In early 2020, Zadeh Kicks began offering preorders of sneakers before their public release dates by being able to get his hands on the rarest Nike Air Jordans and Yeezys

In early 2020, Zadeh Kicks began offering preorders of sneakers before their public release dates by being able to get his hands on the rarest Nike Air Jordans and Yeezys 

The following month, his business was dissolved while Malekzaeh’s social media accounts were also scrubbed.

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Before that, Malekzaeh showed off his collection of Ferraris and Girard-Perregaux timepiece and posted pictures of him riding around on a $29,000 Louis Vuitton bicycle inside his Oregon mansion, according to the blog, nicekicks.com.

In the last two years alone, it’s estimated that he spent more than $10 million of the preorder money on luxury items for himself and his fiancée Mockerman, including watches, furs and handbags.

Federal authorities have alleged the pair used customer money to make a down payment on a house together with $600,000 of remodeling work. 

In a court filing, the company states that it ‘experienced exponential growth in business’ from January 2020 to May 2022, primarily owing to preorders, and that it was unable to keep up with the rapid growth because of inadequate “internal systems and processes.” ‘ 

Mockerman, who was Zadeh Kicks chief financial officer, allegedly conspired with Malekzadeh to provide false and altered financial information to numerous financial institutions, including providing altered bank statements on more than 15 bank loan applications. 

Malekzadeh profitted by opening preorders for coveted kicks he didn't actually stock

Malekzadeh profitted by opening preorders for coveted kicks he didn’t actually stock

Together, Mockerman and Malekzadeh received more than $15 million in loans from such bank applications.

As part of the government’s ongoing criminal investigation, federal agents have now seized millions of dollars in cash and luxury goods that Malekzadeh acquired with the proceeds of his alleged fraud.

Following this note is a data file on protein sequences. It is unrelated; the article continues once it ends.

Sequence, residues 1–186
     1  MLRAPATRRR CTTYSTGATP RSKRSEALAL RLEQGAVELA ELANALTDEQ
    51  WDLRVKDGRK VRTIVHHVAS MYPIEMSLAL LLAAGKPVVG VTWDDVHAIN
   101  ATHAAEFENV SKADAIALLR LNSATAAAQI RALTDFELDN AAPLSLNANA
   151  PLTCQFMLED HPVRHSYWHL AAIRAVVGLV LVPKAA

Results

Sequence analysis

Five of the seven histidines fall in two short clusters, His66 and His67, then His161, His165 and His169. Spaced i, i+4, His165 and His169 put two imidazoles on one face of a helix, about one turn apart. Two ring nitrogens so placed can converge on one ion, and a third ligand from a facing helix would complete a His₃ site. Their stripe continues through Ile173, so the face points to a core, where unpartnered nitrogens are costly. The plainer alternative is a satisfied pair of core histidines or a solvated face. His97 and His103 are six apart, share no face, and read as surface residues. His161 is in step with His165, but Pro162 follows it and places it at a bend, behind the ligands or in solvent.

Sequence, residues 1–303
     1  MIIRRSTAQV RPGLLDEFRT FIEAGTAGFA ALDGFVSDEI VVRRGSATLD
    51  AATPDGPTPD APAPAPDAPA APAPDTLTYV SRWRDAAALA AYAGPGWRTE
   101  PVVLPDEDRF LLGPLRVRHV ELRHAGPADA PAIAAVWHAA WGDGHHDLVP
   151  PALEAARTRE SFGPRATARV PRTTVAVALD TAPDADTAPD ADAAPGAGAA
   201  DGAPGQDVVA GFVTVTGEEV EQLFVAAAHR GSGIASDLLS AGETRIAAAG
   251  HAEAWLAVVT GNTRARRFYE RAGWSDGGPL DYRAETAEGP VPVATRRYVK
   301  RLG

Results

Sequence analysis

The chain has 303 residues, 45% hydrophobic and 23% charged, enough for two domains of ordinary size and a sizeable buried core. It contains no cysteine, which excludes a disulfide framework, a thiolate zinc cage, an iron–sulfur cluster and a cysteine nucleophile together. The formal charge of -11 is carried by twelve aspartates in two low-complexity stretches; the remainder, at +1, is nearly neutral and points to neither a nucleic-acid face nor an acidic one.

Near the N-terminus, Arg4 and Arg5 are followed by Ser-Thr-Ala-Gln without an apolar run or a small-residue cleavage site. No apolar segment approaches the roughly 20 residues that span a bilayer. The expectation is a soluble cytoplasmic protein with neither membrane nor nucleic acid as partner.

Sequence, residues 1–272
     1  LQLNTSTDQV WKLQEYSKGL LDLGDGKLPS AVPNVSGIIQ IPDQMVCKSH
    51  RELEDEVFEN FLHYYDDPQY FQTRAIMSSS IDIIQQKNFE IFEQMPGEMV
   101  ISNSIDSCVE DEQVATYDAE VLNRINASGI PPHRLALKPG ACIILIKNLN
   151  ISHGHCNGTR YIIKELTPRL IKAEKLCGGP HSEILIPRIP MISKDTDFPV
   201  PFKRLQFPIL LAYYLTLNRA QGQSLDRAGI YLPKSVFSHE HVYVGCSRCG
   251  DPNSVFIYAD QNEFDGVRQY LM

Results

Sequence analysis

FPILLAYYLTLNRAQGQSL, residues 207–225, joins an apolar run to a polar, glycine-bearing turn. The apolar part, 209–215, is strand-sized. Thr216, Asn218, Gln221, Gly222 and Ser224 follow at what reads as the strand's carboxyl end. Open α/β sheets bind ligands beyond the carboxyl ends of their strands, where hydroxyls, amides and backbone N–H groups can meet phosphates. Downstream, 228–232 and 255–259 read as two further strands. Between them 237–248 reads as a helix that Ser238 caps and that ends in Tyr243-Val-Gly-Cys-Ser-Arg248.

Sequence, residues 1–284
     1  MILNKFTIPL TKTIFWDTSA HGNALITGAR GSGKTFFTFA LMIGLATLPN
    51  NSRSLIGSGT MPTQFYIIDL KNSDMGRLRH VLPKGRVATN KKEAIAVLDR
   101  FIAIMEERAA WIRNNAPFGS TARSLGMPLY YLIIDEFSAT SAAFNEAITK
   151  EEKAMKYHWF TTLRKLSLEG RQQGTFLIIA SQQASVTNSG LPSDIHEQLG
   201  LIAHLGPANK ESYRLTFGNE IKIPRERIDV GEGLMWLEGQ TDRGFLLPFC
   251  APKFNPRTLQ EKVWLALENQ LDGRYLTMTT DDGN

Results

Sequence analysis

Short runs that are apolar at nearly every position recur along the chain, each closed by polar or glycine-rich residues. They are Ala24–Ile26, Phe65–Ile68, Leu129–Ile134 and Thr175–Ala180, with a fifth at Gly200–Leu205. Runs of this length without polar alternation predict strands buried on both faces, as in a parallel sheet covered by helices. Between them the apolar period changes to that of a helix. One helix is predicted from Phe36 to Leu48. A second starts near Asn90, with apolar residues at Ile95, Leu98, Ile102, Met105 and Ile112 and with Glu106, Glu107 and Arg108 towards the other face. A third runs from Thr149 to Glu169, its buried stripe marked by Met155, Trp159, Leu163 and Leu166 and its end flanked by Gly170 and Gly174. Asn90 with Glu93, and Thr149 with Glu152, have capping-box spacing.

The seized items include nearly 100 watches, some valued at over $400,000, jewelry, and hundreds of luxury handbags. 

More than 59,780 pairs of shoes are also in the hands of a court-appointed receiver who needs to sell them off as soon as possible in a bid to raise funds for those defrauded. 

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Though the amount raised is unlikely to cover what the victims are owed. 

‘This is a Bernie Madoff-size scam for the sneaker market,’ Michael Schneider,  a sneaker reseller, told the Wall Street Journal reported. ‘He definitely had this image of being the end-all, be-all, backdoor plug.’

Michael Malekzadeh has been accused of orchestrating a Ponzi scheme that swiped customers of more than $70 million dollars worth of sneakers

Michael Malekzadeh has been accused of orchestrating a Ponzi scheme that swiped customers of more than $70 million dollars worth of sneakers

Reportedly stocked in Malekzadeh’s warehouse are: 4,700 Yeezys, 8,500 Adidas shoes and 48,000 Nike shoes – many of which are believed to be highly coveted Air Jordans – plus about 1,100 pairs from Malekzadeh’s personal collection. 

The lot is estimated to have a value between $12 million and $20 million, Fortune reported.

Thousands of people and businesses have filed claims with one creditor suggesting they are owed $15 million. Court documents reveal the company had 23,000 customers with unfilled orders stretching back to 2018. 

Nearly $6.4 million in cash has also been seized, which was the result of  Malekzadeh’s sale of watches and luxury cars manufactured by Bentley, Ferrari, Lamborghini, Porsche and others.

Malekzadeh and Mockerman are said to be cooperating with the investigation, including the seizure of their assets. 

The most serious of Malekzadeh’s, conspiracy to commit bank fraud, carries a maximum 30-year prison sentence if convicted.